This Q&A is part of a series of social media posts on crisis communications, curated by the editorial staff of Security Management magazine and authored in part by security professional Lorraine Homer. Check out Facebook, Twitter, LinkedIn, and our website for more from this series.
Q: How has social media helped shape the response to large-scale disasters?
A: If you think back to the 2004 tsunami in Southeast Asia, there was no Facebook or Twitter, just 24-hour news. People also didn't have smartphones, so they weren't taking their own pictures and posting them on social media. The images that become so powerful in these sorts of crises were much slower to come out. It would take a day or two for the full scale of what was happening to really reach people in countries that were not the direct victims of the crisis.
Today, the breaking of news and the sharing of information happens much quicker than it did 10 years ago. During the siege in Sydney that happened at the end of last year, the first piece of information on social media was out in less than 10 minutes. It's incomparable, the way that it's affected how quickly crises become known, which is both a good and a bad thing. It's much easier for people to see what's happening and to turn their minds to responding to it. But it gives you very little time to think about how you need to respond.
Q: What can organizations do to prepare how to communicate during a crisis ahead of time?
A: You can get your key executives together every few months and take a scenario and run through what each person would do in the first hour of an incident. This exercise will help executives understand what everybody else will be doing, and they might find that two people think they would both be doing the same thing, which is inefficient, or that there's something that nobody realizes they're responsible for. You don't want to be using your crisis management plan for the first time in an actual incident. You want to have tested it before the crisis comes.
Q: Can organizations effectively use the information circulated on social media during a disaster?
A: I think they can. The huge amount of information that's available on social media is a real gift, if you know what to do with it. It gives you multiple points of view, it gives you news in places that you otherwise wouldn't be able to get. It gives you access to media that you can use to better understand what's happening, and it also points people to look at a channel that you can then use to try to get your information across.
Another important thing organizations should be doing is working out who else is on those channels that could help share information. So rather than an organization just trying to provide information and tell people what's going on, their partners can share with them, whether it be retweeting or taking their messages and putting them on their own channels. This can help your organization play a bigger part in the conversation, and means people are more likely to see them, take notice, and hopefully to act on them.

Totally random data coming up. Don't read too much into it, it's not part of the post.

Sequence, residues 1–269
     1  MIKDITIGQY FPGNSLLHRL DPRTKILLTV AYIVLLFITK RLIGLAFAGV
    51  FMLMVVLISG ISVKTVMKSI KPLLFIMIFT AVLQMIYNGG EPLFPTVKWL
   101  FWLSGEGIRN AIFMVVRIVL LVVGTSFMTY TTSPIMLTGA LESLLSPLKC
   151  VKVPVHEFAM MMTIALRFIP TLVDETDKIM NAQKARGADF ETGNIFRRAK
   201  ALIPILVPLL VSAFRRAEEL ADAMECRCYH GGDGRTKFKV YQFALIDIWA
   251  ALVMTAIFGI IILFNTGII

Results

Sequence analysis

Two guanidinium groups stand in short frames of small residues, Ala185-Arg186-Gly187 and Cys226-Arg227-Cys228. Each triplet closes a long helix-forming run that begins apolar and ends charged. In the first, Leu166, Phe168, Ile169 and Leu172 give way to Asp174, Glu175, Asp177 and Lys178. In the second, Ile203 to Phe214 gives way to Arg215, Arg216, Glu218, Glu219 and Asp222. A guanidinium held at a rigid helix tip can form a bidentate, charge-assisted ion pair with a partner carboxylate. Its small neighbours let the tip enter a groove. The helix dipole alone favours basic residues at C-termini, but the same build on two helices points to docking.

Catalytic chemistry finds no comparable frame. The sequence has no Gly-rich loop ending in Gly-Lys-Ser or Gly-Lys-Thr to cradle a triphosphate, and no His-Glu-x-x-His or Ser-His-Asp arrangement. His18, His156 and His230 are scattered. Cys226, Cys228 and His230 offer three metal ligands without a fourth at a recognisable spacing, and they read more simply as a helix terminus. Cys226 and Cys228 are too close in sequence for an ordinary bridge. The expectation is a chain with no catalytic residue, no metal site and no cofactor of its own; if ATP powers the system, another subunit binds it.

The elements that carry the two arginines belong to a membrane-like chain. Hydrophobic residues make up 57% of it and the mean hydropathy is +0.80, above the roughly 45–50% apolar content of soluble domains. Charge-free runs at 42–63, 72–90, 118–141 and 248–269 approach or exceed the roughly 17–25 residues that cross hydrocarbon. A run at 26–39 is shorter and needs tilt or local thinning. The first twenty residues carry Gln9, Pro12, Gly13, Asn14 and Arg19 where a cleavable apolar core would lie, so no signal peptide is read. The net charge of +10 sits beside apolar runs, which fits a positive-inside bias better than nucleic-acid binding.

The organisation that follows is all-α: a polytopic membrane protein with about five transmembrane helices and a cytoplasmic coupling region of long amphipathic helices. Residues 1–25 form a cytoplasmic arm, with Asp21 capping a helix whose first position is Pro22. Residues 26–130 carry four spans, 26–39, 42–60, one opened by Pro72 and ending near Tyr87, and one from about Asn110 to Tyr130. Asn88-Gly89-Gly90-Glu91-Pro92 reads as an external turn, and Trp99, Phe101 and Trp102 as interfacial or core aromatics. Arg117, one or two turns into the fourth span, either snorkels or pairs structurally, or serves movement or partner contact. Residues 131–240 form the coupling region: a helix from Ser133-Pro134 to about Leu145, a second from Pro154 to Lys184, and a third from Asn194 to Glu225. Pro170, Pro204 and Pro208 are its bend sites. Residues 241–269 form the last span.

Q: What are some universal emergency communications principles that apply to both the public and private sectors?
A: A lot of the principles are the same. For example, the thing that can really affect your reputation from the outset is silence. Whatever the crisis may be, you may not know much about it in the first few hours other than the fact that it's happened. If you're silent across those first few hours, nobody else is. Everyone else is talking, speculating, and asking questions. If you say nothing, that really affects your reputation and how you're seen to be handling the crisis. Make sure you acknowledge that something has happened and that you're going to deal with it, even if you're not in a position to say how you might deal with it or what people should do at that point.
It's important to have people dedicated to understanding what's being said about your organization during a crisis so you can see what issues people are concerned about. It may be that you need to understand what's concerning your citizens, or it may be your customers. Either way, getting a grip on that information, and using social media to understand what people are concerned about, is applicable to both sectors.
The third area that is applicable to all sectors is your staff. If your staff are affected by an incident, they're going to get information not just from their manager, but from all sorts of sources. Communicate with your staff at the same time you're telling the outside world what's happening.
Lorraine Homer is the director of U.K.-based Nightingale Consultants and has more than 20 years of experience as a strategic communications professional. She also serves as an independent advisor to the London Metropolitan Police. Homer spoke with Security Management about how social media impacts the response to a crisis, and how organizations can effectively leverage that.